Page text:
Essential Health Services and Systems during COVID-19 and Other Public Health Emergency
A special issue of International Journal of Environmental Research and Public Health (ISSN 1660-4601). This special issue belongs to the section "Health Care Sciences & Services".
Deadline for manuscript submissions: closed (31 December 2023) | Viewed by 242
2. Faculty of Public Health and Policy, London School of Hygiene and Tropical Medicine, London WC1E 7HT, UK
3. Tokyo Foundation for Policy Research, Tokyo 106-6234, Japan
Interests: health emergency; humanitarian crisis; health systems; universal health coverage; health financing; health services; human resources for health; surveillance; epidemiology; medicine
The COVID-19 pandemic disrupted timely access to health services for those in need, and its impact on essential health services and overall health systems has been continuing. At the same time, multiple acute public health events occur amid the COVID-19 pandemic. Complex emergencies in Afghanistan, the Democratic Republic of Congo, Somalia, the Syrian Arab Republic, Ukraine, and Yemen, as well as humanitarian responses in Ethiopia, Nigeria, and South Sudan, need global attention and assistance. The recent food insecurity and drought in the Greater Horn of Africa, floods in Pakistan, and the Ebola outbreak by the Sudan virus in Uganda, again exposed the challenges of maintaining essential health services and achieving resilient health systems in the era of multiple health emergencies. Moreover, climate change has already started to exacerbate existing health threats and create new public health challenges, warranting innovative strategies for adaptation and mitigation.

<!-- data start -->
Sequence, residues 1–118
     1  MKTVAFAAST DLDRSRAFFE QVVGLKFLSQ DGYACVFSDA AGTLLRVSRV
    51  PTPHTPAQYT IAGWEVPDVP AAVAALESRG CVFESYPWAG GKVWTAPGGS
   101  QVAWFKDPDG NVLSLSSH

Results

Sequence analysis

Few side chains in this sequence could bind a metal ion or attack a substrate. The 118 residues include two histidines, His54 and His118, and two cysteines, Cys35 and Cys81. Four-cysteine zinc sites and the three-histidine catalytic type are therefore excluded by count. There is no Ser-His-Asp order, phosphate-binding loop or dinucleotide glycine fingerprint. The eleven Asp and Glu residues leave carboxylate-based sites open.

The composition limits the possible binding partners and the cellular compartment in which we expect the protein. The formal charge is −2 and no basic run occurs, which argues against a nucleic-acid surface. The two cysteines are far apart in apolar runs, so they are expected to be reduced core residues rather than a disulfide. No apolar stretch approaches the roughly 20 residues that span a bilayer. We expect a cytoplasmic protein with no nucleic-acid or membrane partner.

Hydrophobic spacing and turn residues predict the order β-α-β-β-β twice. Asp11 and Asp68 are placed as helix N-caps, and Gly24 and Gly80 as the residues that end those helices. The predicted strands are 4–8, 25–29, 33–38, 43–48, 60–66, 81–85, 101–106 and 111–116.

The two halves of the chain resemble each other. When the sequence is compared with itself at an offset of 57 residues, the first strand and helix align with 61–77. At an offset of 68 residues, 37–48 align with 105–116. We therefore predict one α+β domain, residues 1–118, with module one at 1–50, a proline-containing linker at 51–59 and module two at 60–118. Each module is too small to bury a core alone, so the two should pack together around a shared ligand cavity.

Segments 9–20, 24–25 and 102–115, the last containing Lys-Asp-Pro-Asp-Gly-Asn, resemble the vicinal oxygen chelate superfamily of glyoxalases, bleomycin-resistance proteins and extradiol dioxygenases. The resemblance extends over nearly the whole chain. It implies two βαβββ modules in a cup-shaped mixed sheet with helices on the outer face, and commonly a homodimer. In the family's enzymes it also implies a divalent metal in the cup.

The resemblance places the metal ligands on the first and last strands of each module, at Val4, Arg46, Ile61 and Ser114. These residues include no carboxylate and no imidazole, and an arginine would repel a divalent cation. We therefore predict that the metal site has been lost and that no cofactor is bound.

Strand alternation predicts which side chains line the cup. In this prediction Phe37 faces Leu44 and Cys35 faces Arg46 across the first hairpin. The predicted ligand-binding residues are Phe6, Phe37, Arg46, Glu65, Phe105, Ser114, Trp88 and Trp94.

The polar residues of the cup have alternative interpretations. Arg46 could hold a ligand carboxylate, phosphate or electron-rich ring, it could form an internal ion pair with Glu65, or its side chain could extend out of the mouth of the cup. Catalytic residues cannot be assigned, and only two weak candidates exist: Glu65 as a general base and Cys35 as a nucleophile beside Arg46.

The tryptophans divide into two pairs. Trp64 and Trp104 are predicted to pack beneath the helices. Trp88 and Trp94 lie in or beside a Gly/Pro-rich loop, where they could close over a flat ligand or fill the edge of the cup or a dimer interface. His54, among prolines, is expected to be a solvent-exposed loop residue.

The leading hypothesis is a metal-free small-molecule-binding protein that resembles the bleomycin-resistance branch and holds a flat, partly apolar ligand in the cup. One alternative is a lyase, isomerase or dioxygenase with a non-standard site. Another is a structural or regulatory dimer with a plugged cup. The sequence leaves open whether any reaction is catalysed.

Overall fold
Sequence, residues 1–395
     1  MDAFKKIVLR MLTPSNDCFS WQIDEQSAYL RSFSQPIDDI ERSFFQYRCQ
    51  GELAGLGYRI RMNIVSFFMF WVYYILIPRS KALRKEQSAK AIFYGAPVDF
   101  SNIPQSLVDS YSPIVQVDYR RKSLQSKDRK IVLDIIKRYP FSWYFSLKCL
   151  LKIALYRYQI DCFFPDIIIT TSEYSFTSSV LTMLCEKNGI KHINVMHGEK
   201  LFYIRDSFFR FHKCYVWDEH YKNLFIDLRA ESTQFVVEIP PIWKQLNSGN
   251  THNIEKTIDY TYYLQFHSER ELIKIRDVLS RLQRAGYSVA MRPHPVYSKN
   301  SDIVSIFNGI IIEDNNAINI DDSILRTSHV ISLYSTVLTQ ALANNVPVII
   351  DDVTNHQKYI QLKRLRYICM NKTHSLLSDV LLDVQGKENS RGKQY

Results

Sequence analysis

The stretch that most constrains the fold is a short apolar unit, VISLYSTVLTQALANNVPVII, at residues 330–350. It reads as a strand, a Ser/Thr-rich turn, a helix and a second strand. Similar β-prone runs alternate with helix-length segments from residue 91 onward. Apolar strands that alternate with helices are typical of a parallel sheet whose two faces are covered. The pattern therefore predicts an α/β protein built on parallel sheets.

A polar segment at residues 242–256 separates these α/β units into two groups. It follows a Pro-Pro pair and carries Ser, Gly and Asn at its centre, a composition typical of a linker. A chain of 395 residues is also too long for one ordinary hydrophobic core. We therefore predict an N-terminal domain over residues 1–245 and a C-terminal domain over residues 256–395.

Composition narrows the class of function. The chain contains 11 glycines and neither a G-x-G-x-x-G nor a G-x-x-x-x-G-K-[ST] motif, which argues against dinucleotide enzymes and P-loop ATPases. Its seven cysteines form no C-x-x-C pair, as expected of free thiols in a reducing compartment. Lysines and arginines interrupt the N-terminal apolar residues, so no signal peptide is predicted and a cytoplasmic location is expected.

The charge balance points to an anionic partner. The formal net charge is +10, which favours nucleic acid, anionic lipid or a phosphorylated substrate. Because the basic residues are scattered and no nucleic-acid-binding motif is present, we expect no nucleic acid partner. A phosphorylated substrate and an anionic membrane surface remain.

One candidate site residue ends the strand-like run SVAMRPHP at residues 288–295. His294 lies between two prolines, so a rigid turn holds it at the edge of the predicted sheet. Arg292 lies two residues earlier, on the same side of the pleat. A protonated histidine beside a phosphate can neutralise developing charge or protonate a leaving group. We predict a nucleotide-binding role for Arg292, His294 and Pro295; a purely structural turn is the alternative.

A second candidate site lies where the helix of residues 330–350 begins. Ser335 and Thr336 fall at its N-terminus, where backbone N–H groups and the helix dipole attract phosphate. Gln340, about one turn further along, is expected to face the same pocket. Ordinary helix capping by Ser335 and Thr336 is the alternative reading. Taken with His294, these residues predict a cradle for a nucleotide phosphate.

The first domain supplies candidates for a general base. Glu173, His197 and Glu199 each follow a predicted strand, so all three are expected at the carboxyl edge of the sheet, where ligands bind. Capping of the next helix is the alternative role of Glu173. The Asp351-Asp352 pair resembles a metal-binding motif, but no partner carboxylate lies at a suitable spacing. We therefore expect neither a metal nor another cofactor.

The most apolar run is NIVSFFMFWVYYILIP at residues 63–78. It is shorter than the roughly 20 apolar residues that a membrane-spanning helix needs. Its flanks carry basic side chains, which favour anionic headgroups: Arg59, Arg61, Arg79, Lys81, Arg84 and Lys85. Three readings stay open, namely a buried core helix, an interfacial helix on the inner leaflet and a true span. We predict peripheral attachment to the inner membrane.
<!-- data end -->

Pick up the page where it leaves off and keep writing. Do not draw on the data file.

This Special Issue welcomes solicited and unsolicited manuscripts that analyze the impact of COVID-19, other public health emergencies, and humanitarian crises on essential health services, overall health systems, and population health. In addition, review articles and brief reports that clearly argue how the impact has been mitigated in what ways in different settings (e.g., community, healthcare facilities, workplaces, and schools) are encouraged. Moreover, commentaries on health system building blocks and bold methodological proposals to achieve better monitoring and evaluation are considered. While submissions from any contexts that satisfy these objectives are welcomed, submissions that focus on low- and middle-income countries and humanitarian settings are highly appreciated. I wish that this Special Issue works as a platform to collect evidence, guide global health policy, and contribute to recovery and resilience of health systems.
Dr. Kazuki Shimizu
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- health systems
- health emergency
- humanitarian crisis and emergencies
- climate change
- essential health services
- health workforce
- health information systems
- leadership and governance